Fashion Revolution Week asks #whomademyclothes. Image supplied.
Fashion Revolution Week is here and from Monday 18th to Sunday 24th April fashion fans will be calling on local and international brands to demonstrate their commitment to making the fashion industry fairer and more ethical for all involved. The issues raised include the transparency of supply chains, ensuring that no workers are exploited or work in dangerous conditions from the farms to the factories where fabrics and garments are produced. The week also celebrates those labels that are committed to sustainable and ethical practices that will help make the fashion industry better going forward, among them are many of our favourite local brands too.
So why should you care? Well, every item of clothing you buy is essentially a vote for the kind of world you want to live in and as consumers we have the right to know who is making our clothes. Would you willingly support companies that are guilty of exploitation, mass pollution and human rights violations? I’m sure the answer to that is no and the thing is we have no way of really knowing whether our favourite brands are guilty of any of these things at the moment and some of them don’t necessarily know either, as their own factories may be obeying the rules but perhaps where they source fabric from isn’t. According to the Australian Fashion Report in 2015, 91% of companies surveyed did not know where their cotton comes from and 75% did not know the source of all their fabrics. Part of what Fashion Revolution Week is for is to encourage brands to investigate their own supply chains and change any practices that are unethical or exploitative so they can answer their customers questions with integrity and clear up any doubt about who has questionable ethics.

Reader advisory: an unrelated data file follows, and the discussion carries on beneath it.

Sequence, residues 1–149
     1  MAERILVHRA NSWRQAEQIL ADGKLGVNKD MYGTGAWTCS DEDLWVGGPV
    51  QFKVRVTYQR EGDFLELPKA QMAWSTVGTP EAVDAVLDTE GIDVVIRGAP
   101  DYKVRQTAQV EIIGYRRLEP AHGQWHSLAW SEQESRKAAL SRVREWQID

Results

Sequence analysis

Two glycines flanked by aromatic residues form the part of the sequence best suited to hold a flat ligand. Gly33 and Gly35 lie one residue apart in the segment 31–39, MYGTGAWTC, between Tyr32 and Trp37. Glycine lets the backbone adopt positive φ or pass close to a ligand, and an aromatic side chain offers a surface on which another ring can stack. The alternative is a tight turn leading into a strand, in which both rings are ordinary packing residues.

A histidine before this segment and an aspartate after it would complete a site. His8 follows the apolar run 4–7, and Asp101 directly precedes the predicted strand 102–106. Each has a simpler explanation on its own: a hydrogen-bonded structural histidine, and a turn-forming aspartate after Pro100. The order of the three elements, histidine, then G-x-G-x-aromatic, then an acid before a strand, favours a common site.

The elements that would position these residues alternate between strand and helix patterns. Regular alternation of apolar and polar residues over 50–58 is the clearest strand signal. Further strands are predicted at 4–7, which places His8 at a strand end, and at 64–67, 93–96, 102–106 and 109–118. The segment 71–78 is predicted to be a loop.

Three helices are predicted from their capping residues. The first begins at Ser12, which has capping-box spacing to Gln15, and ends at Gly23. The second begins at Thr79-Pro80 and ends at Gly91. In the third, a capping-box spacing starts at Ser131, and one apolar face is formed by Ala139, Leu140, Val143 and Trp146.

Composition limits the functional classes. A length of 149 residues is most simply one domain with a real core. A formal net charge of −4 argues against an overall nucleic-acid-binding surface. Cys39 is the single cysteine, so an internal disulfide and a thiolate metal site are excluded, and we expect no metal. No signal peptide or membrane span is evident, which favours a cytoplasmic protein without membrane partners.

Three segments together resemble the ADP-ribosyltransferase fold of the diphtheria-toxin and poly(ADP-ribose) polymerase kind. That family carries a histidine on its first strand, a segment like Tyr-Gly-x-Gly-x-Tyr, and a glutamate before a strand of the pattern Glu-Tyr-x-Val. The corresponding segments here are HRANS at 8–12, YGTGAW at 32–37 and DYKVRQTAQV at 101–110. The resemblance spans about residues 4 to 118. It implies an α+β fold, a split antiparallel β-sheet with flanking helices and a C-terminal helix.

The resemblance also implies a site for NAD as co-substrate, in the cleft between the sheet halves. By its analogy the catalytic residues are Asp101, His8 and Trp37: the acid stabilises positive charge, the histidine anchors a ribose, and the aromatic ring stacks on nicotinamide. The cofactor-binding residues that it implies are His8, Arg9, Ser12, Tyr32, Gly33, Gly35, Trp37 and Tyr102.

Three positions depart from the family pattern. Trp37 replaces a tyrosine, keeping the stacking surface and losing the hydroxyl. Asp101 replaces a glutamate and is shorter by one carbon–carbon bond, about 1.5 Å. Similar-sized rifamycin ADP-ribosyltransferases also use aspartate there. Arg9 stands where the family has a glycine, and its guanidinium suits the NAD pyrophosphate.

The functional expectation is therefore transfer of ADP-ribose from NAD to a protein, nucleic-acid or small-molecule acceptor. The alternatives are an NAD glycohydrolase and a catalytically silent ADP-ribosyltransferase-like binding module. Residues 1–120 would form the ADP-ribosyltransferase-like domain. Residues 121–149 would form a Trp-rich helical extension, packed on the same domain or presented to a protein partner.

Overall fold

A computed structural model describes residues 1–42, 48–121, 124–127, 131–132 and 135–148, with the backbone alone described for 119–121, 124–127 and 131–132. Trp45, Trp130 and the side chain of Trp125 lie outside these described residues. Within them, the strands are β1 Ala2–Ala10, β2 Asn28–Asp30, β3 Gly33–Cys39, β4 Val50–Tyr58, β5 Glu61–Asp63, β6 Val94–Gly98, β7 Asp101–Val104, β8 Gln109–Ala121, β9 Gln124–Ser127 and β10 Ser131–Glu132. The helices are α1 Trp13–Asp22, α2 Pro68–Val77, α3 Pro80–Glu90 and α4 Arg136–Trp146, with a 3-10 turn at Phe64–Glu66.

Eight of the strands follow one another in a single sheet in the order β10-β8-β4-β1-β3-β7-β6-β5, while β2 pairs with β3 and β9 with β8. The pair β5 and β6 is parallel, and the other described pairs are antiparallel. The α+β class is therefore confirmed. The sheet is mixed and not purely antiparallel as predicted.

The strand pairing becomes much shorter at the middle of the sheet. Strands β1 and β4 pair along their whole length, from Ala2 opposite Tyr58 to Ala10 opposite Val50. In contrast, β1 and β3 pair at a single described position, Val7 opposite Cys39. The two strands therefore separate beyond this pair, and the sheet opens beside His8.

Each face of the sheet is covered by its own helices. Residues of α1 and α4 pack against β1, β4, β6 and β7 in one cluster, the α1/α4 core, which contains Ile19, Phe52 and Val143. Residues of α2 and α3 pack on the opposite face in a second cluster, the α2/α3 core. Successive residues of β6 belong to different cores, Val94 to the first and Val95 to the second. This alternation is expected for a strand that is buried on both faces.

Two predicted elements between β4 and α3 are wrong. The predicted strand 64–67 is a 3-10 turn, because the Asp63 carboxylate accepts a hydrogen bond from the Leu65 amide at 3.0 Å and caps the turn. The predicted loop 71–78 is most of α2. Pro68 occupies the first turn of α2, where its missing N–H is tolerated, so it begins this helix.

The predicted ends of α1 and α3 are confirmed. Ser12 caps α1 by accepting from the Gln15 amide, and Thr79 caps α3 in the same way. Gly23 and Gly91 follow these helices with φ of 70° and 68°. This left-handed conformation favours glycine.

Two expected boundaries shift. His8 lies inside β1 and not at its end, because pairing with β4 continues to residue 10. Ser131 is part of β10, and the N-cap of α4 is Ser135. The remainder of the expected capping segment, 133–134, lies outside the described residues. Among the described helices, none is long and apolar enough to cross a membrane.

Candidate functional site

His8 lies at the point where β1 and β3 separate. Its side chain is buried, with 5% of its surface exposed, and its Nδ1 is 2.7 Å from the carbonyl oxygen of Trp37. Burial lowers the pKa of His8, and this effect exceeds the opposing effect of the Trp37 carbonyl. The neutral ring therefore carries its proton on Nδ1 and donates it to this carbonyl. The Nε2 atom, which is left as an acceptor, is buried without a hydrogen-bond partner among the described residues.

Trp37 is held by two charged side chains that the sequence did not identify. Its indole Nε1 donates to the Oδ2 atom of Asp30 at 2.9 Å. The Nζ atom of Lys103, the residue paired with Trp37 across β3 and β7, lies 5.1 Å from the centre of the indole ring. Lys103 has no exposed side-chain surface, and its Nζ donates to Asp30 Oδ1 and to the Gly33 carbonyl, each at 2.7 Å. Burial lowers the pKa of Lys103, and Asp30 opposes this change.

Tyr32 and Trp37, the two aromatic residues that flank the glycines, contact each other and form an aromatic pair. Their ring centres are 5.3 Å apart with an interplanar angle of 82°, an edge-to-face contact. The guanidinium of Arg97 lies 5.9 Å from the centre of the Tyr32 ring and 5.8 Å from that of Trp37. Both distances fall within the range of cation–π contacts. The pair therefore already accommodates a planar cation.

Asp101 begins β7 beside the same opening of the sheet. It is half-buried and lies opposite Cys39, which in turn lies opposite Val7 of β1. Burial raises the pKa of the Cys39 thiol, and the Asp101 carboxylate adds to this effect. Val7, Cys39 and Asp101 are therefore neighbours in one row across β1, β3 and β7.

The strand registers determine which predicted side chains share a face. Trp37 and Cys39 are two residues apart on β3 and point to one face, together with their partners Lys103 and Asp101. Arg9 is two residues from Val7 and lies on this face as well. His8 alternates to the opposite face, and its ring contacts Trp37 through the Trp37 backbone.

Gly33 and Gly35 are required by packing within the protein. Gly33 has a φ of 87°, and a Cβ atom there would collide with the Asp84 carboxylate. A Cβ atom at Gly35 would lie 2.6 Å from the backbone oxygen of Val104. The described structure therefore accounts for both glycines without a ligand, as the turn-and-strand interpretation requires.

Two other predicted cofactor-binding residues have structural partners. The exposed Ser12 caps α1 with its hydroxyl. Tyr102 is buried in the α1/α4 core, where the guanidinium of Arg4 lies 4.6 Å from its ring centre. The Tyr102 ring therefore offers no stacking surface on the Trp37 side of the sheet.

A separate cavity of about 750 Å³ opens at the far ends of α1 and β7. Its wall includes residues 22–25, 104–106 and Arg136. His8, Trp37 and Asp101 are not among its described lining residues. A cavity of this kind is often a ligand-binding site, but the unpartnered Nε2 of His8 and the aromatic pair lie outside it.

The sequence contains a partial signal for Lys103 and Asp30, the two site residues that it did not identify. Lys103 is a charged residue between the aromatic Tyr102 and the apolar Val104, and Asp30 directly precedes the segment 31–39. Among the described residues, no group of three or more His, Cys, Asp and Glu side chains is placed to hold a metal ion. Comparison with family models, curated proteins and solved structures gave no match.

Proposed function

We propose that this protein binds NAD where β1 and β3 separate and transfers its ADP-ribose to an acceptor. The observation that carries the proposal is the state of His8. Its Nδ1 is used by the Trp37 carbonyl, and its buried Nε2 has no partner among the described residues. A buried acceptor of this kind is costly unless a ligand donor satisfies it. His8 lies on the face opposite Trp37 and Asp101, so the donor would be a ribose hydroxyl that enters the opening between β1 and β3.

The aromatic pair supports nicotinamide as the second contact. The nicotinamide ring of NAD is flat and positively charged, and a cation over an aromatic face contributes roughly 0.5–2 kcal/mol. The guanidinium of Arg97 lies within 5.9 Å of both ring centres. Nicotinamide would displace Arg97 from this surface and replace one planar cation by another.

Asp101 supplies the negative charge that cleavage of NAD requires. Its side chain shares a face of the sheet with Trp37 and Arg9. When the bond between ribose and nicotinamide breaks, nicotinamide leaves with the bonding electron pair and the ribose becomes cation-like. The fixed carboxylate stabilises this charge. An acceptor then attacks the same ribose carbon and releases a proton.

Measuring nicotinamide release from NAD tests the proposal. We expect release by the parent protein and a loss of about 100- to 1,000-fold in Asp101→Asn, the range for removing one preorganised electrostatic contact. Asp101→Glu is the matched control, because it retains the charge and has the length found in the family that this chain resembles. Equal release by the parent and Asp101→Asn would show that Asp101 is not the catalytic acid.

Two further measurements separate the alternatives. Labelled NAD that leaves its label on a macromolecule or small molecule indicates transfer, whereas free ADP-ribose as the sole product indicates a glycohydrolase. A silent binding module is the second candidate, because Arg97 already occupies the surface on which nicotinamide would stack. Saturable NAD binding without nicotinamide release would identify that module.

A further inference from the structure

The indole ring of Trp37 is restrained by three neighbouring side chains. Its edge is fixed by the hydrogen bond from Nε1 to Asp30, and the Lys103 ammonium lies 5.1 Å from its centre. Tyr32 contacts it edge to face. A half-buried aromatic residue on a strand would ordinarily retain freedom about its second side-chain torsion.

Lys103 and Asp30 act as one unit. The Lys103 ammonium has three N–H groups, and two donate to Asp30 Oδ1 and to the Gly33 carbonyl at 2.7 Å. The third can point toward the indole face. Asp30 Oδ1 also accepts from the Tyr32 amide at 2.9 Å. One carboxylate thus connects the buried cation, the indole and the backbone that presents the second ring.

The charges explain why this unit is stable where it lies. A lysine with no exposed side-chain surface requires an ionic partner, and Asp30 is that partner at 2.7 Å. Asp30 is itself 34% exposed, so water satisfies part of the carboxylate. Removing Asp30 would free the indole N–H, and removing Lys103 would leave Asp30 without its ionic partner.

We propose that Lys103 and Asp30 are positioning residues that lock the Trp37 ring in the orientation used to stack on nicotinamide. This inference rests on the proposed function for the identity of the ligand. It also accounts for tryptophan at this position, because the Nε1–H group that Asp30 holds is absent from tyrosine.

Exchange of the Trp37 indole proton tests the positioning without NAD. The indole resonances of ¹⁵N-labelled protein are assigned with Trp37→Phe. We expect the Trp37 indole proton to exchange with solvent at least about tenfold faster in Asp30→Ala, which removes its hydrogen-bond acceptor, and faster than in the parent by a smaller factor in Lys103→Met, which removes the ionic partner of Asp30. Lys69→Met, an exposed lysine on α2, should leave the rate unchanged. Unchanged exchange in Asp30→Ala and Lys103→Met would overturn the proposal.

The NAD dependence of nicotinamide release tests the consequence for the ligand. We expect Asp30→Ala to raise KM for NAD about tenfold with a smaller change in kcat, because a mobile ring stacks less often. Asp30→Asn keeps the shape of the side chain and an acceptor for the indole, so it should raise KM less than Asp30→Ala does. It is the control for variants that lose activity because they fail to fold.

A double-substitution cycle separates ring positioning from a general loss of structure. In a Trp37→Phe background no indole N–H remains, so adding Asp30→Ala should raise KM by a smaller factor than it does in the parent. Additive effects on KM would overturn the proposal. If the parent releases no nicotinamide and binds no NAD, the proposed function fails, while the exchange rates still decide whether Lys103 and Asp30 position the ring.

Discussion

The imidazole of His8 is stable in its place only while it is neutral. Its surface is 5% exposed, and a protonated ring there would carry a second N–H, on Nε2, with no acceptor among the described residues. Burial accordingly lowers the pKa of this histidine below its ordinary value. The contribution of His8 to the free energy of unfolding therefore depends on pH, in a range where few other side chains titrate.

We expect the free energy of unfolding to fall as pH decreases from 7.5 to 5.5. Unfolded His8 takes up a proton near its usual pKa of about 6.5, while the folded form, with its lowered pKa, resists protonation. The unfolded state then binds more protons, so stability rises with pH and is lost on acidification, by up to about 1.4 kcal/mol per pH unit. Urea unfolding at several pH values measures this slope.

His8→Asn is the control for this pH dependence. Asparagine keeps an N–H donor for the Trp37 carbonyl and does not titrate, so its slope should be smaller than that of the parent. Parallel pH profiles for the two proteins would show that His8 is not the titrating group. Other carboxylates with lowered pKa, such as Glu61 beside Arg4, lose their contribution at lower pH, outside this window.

How did Fashion Revolution Week come about? It was established in 2013 after 1133 people were killed when the Rana Plaza factory complex collapsed in Dhaka, Bangladesh on April 24th 2013. The disaster also injured 2500 people, many who were left as amputees. However, what happened at Rana Plaza was both predictable and preventable, but never should have happened in the first place. Since 2013, Fashion Revolution has become a global movement which advocates for greater transparency, traceablility and environmental responsibility in the fashion supply chain and it’s growing in support every year.
In 2015, Fashion Revolution had support from people in over 75 countries who took part to show they cared about who made their clothes. Fashion Revolution Day on April 24 achieved an online media reach of 16.5 billion, with over 60 million unique users and 124 million impressions of #whomademyclothes. There were also over 350 events held around the world to support the movement as well. It now has a presence in 88 countries with this year set to be the biggest yet with a series of global events and online initiatives to unite fashion fans and encorage everyone to be more curious about the stories behind the clothes they wear.
“Fashion Revolution has continued to amass a groundswell of support from around the world year on year with tens of thousands of people taking part so we know consumers care about the provenance of their purchases. We hope our movement continues to provide an opportunity for genuine change in how brands view their responsibility towards the makers of their garments as well as the environments they are made in” says Melinda Tually, Fashion Revolution Australian and New Zealand Co-ordinator.
How can you get involved? The answer is by asking the important question of ‘who made my clothes?’ Between 18 – 24 April turn an item of clothing you love inside out showing the label, photograph it & share it on social media, follow and tag the brand and ask them #whomademyclothes. It may seem like a small thing but it’s an act of solidarity with all those who work in fashion, from designers to cotton farmers, and those who care about what’s going on in the garment industry and the unethical practices that have to stop. There is always power in numbers and together we can demand greater transparency from brands. Let’s not forget that Fashion Revolution Week is also to celebrate those who are doing creative, ethical and sustainable things in fashion and working to make the garment industry a fairer one. So, this week, make sure you ask your favourite brand ‘who made my clothes?’ you never know, the answer may surprise you.
Find out more on Fashion Revolution here.